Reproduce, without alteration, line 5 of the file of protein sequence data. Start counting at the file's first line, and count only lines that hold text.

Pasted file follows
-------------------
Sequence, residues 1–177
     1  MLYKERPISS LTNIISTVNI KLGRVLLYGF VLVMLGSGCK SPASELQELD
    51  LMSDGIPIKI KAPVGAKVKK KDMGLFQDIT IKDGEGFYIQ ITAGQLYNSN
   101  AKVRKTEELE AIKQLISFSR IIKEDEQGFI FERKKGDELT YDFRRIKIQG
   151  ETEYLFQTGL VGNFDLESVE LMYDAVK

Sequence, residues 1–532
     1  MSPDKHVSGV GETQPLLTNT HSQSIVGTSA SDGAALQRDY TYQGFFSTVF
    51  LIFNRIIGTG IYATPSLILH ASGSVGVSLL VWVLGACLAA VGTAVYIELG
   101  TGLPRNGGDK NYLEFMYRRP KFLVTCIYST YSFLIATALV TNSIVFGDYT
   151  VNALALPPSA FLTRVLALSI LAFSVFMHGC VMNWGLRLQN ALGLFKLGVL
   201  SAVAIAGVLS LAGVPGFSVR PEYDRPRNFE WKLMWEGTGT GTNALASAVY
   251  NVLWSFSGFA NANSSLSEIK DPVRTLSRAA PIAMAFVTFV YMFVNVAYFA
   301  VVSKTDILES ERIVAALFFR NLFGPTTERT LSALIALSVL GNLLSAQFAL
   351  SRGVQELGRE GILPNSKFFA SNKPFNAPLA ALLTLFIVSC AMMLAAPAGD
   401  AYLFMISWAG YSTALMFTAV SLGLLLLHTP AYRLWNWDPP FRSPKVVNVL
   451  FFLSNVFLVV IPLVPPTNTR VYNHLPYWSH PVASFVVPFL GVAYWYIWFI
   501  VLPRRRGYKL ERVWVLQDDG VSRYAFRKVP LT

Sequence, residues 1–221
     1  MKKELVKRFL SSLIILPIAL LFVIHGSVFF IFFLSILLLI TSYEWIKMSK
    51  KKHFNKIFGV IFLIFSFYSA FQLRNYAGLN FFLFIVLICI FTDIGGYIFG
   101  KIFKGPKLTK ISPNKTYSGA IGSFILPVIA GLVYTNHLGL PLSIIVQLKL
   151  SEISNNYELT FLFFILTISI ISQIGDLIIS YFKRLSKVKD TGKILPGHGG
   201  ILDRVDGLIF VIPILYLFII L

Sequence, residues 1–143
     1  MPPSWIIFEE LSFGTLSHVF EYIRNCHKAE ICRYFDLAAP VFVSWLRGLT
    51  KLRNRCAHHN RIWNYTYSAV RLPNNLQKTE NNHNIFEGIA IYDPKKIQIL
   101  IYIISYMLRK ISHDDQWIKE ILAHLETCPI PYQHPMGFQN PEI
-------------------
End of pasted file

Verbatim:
   151  ETEYLFQTGL VGNFDLESVE LMYDAVK